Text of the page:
In 2016, the State of Maine voted to apply ranked choice voting in congressional and gubernatorial elections and then in 2018 voted to extend this voting process to the allocation of its electoral college votes. Recently, the New York Times ran an editorial calling for the Empire State to consider ranked choice voting; in Massachusetts, there is a drive to collect signatures to have a referendum on this on the 2020 ballot. Ranked choice voting is used effectively in American cities such as Minneapolis and Cambridge and in countries such as Australia and Ireland. So what is it exactly? Mystère.
First let us discuss what it is not. In the UK and the US, elections are decided (with some exceptions) by plurality: the candidate who polls the largest number of votes is the winner even if this is not a majority. Although simple to administer, this can lead to unusual results. By way of example, in Maine in 2010, Republican Paul LePage was elected governor with 38% of the vote. He beat out the Independent candidate who won 36% and the Democratic candidate who won 19%.
One solution to the problems posed by plurality voting is to hold the vote in multiple rounds: if no one wins an absolute majority on the first ballot, then there must be more than two candidates and the candidate with the least votes, Z say, is eliminated and everybody votes again; this time Z’s voters will shift their votes to their second choice among the candidates. If no one gets a majority this time, repeat the process. Eventually, someone has to get a true majority.
Ranked choice voting is also known as instant-runoff voting: it emulates runoff elections but in a single round of balloting. First, if there are only two candidates to begin with, nothing changes – somebody will get a majority. Suppose there are 3 candidates – A, B and Z; then, on the ballot, each voter lists the 3 candidates in the order of that voter’s preference. First, the count is made of the number of first place votes each candidate received; if for one candidate that number is a majority, that candidate wins outright. Otherwise, the candidate with the least number of first place votes, say Z, is eliminated; now we add to A’s first place total the number of ballots that ranked Z first but that listed A as second choice and similarly for B. Now, except in the case of a tie, either A or B will have a clear majority and will be declared the winner. This will give the same result that staging a runoff between A and B would have yielded but in one trip to the voting booth where the voter has to rank the candidates A,B,Z on the ballot rather than choosing only one.
There are other positive side-effects to ranked choice voting. For one thing, voter turnout goes up; another thing is that campaigns are less nasty and partisan – you want your opponents’ supporters to list you second on their ballots! One can also see how this voting system makes good sense for primaries where there are often multiple candidates; for example, with the recent Democratic field of presidential candidates, ranked choice voting would have given the voter a chance to express his or her opinion and rank a marginal candidate with good ideas first without throwing that vote away.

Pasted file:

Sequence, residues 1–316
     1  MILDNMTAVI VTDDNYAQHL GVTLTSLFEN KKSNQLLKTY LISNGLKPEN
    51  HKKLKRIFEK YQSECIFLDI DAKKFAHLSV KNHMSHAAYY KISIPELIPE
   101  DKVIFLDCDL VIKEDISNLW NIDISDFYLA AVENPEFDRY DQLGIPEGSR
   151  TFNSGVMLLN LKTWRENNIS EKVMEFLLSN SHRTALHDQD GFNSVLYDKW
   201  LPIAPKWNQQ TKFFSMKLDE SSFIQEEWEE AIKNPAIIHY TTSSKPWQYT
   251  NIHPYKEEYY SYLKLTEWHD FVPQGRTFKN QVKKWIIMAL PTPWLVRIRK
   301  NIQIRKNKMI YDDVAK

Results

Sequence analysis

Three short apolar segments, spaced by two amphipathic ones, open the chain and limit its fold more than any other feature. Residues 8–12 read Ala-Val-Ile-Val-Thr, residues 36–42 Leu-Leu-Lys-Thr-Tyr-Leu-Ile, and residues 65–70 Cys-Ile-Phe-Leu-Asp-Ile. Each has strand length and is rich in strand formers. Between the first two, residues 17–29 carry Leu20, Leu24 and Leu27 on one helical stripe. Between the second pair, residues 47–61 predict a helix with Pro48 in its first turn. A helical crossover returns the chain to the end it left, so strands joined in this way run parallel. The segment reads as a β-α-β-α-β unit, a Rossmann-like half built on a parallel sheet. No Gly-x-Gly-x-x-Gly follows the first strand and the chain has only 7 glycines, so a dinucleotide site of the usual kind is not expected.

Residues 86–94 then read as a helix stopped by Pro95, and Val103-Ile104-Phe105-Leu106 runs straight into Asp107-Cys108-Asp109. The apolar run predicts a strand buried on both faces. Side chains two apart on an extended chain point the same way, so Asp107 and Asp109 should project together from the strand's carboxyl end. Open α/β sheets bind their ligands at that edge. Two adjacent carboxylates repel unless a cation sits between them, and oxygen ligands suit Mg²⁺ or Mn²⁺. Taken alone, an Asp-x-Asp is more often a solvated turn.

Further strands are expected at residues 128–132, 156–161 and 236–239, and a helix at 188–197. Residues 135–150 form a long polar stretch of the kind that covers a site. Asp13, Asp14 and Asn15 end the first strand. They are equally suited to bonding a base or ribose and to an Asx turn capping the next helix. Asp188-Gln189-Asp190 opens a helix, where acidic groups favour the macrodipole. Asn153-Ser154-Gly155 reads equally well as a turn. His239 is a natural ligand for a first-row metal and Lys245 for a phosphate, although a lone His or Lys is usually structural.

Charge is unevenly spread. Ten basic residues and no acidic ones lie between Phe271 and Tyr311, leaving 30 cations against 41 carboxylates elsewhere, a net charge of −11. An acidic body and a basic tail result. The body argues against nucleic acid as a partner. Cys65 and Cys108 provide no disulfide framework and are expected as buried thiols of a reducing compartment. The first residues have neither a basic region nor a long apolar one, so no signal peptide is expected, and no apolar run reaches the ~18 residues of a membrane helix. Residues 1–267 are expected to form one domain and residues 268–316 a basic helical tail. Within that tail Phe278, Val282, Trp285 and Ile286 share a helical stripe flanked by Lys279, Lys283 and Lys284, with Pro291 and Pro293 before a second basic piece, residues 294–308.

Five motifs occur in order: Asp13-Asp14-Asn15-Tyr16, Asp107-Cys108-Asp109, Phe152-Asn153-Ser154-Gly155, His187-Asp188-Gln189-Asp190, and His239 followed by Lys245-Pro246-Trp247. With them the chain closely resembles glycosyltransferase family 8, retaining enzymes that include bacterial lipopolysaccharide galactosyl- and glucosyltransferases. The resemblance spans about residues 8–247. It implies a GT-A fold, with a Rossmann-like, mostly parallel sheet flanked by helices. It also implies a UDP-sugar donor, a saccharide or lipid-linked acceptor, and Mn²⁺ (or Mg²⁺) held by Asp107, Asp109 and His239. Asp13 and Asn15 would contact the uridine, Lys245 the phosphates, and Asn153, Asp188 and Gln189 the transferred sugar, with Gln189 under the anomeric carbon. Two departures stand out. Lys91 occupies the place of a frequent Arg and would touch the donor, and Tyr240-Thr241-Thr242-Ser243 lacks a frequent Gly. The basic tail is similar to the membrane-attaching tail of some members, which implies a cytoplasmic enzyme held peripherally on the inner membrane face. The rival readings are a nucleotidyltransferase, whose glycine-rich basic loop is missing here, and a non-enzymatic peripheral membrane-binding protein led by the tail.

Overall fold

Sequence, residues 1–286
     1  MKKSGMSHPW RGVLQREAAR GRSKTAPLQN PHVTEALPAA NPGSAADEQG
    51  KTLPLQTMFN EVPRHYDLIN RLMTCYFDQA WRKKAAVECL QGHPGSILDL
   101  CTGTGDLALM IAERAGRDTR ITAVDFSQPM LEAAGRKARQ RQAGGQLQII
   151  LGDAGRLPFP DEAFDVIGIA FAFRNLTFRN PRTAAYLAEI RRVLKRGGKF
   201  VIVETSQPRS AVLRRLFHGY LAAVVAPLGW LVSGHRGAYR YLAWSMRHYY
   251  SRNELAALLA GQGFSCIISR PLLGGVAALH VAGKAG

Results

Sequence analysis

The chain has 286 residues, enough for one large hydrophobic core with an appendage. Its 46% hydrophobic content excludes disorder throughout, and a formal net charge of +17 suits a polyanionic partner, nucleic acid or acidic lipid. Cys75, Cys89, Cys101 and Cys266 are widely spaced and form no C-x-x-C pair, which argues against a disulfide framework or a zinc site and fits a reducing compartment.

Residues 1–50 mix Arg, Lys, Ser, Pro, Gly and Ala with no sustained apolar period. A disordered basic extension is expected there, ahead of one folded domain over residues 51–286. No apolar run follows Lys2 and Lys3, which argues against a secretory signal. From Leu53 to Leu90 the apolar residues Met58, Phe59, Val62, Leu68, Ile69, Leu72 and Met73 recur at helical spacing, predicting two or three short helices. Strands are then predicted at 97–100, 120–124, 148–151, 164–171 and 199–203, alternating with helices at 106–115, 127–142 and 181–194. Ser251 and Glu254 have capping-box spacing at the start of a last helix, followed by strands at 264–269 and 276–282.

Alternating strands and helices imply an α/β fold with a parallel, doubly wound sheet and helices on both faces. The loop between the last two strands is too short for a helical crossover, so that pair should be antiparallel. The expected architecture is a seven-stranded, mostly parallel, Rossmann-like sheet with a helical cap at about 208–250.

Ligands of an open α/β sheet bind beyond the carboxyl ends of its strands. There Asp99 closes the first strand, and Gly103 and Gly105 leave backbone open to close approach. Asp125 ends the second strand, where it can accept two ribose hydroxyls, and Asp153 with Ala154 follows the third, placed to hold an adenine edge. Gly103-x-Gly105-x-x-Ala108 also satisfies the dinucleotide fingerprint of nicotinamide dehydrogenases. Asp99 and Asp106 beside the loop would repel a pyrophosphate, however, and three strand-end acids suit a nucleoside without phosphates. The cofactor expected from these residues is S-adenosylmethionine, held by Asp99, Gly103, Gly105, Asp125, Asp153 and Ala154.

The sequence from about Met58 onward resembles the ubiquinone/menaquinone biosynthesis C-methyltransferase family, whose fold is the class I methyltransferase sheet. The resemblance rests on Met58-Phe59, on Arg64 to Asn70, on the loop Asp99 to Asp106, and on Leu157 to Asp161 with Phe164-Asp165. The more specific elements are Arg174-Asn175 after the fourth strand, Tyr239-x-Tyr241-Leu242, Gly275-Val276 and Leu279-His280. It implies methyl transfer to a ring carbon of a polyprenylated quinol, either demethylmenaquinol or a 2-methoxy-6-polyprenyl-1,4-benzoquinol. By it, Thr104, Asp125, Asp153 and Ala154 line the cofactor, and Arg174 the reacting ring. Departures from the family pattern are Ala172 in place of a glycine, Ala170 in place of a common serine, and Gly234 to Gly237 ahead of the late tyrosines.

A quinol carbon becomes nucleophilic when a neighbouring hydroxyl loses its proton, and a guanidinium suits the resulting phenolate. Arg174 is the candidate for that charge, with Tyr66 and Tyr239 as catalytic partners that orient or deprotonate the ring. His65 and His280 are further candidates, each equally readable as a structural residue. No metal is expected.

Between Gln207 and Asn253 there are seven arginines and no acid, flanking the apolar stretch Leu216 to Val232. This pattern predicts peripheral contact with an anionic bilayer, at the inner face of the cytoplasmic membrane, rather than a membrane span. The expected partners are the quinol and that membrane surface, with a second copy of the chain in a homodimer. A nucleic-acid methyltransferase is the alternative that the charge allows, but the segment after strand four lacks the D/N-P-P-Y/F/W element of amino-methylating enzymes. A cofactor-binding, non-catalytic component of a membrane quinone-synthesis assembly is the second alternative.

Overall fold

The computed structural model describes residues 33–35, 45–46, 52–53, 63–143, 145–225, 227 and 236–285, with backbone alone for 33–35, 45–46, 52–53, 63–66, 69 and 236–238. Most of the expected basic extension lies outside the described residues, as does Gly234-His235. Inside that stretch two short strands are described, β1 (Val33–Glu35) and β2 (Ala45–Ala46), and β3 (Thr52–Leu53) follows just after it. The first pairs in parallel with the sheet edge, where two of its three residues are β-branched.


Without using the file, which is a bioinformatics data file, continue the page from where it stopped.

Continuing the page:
After the 2010 debacle in Maine (LePage proved a most divisive and most unpopular governor), the Downeasters switched to ranked choice voting. In 2016 in one congressional district, no candidate for the House of Representatives gathered an absolute majority on the first round but a different candidate who received fewer first place votes on that first round won on the second round when he caught up and surged ahead because of the number of voters who made him their second choice. Naturally, all this was challenged by the losing side but they lost in court. For elections, the U.S. Constitution leaves implementation to the states for them to carry out in the manner they deem fit – subject to Congressional oversight but not to judiciary oversight. Per Section 4 of Article 1: “The Times, Places and Manner of holding Elections for Senators and Representatives, shall be prescribed in each State by the Legislature thereof; but the Congress may at any time by Law make or alter such Regulations, …”
Ranked voting systems are not new and have been a serious topic of interest to social scientists and mathematicians for a long time now – there is something mathematically elegant about the way you can simulate a sequence of runoffs in one ballot. Among them, there are the 18th Century French Enlightenment thinker, the Marquis de Condorcet, and the 19th Century English mathematician, Charles Lutwidge Dodgson, author of Dodgson’s Method for analyzing election results. More recently, there was the work of 20th Century mathematical economist Kenneth Arrow. For this and other efforts, Arrow was awarded a Nobel Prize; Condorcet had a street named for him in Paris; however, Dodgson had to take the pen name Lewis Carroll and then proceed to write Alice in Wonderland to rescue himself from the obscurity that usually awaits mathematicians.